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Los Angeles Social Security Disability Law Blog

Seizures may be a frequent part of serious illness disabilities

Many Los Angeles residents deal with minor illnesses all the time, such as the flu, stomach bugs or even bad colds. But, while these illnesses may be inconvenient for a few days, there are some people who live with much more serious illnesses that can impact their entire way of life. Suffering from frequent seizures, for example, could be a disability that could prevent a person from being able to maintain employment.

Epilepsy is a health condition that can cause a person to suffer frequent seizures. The seizures that a person with epilepsy can suffer from can be completely unexpected and difficult to see coming. When people suffer a seizure, they can injure themselves by falling or striking an item during the convulsions. Or, the seizure could even cause additional health problems. Another unfortunately reality for those who suffer from epilepsy is that they may be more likely to die than others in the general population.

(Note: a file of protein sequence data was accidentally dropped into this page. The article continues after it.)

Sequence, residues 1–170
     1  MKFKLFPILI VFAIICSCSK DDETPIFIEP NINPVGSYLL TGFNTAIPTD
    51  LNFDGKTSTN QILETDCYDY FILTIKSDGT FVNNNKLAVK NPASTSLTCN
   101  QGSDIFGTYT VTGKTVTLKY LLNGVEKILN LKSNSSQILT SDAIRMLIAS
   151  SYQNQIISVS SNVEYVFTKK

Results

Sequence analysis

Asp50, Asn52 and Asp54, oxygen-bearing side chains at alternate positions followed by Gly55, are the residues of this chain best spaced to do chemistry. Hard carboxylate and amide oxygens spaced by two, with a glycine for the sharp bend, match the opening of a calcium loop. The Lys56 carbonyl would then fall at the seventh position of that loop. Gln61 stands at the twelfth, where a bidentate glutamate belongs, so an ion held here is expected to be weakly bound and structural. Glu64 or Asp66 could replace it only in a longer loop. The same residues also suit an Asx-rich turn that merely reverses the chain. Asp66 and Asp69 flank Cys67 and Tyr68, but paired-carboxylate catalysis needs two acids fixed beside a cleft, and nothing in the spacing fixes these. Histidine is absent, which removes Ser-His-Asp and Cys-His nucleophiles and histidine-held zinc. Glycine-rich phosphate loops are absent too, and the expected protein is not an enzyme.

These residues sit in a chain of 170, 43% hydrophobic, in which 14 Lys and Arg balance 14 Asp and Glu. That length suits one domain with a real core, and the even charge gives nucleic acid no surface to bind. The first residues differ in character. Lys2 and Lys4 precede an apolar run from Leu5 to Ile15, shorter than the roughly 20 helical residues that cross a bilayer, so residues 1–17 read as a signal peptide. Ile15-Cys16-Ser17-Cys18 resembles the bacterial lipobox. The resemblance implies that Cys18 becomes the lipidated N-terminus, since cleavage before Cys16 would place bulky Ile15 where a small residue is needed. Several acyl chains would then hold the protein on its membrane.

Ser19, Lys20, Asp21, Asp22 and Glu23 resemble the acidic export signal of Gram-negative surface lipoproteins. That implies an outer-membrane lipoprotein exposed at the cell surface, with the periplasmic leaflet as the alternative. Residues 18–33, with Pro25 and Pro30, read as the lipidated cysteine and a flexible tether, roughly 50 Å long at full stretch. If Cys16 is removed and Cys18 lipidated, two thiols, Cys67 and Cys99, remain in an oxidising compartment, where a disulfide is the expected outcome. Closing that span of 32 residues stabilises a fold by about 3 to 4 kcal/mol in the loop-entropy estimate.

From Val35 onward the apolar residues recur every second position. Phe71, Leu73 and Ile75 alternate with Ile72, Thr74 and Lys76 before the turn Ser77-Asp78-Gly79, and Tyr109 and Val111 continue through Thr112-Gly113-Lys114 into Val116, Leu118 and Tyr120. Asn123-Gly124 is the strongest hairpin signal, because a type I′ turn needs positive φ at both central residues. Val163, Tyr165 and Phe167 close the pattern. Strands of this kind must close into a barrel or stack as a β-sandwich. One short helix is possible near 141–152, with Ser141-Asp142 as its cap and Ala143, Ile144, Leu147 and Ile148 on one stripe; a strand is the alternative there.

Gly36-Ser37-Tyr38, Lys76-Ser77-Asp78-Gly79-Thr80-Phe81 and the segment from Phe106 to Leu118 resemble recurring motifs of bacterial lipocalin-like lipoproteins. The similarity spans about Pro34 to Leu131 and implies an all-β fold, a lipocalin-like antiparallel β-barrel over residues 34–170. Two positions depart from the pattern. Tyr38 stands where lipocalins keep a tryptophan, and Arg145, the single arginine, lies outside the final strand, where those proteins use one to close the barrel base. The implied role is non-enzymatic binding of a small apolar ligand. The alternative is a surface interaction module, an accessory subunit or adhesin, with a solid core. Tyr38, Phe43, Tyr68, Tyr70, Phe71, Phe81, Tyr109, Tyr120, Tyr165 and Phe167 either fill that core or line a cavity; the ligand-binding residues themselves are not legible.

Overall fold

Your child may qualify for Supplemental Security Income

There are millions of families throughout America who are raising a child who suffers from a disability. These are some of the most caring individuals our readers could ever come across, as every day they are putting in the time and love to help raise their disabled children so that they can get the most out of life. Unfortunately, raising a disabled child can also be an expensive endeavor - one for which the federal government may be able to provide some financial assistance.

Many of our Los Angeles readers may not know that disabled children may qualify for Supplemental Security Income. This assistance program is run by the Social Security Administration. It is not to be mistaken for Social Security Disability, which is a program for workers who become disabled. SSI benefits are for those who are facing some truly difficult financial problems amid limited resources.

New legislation could introduce "temporary" SSD benefits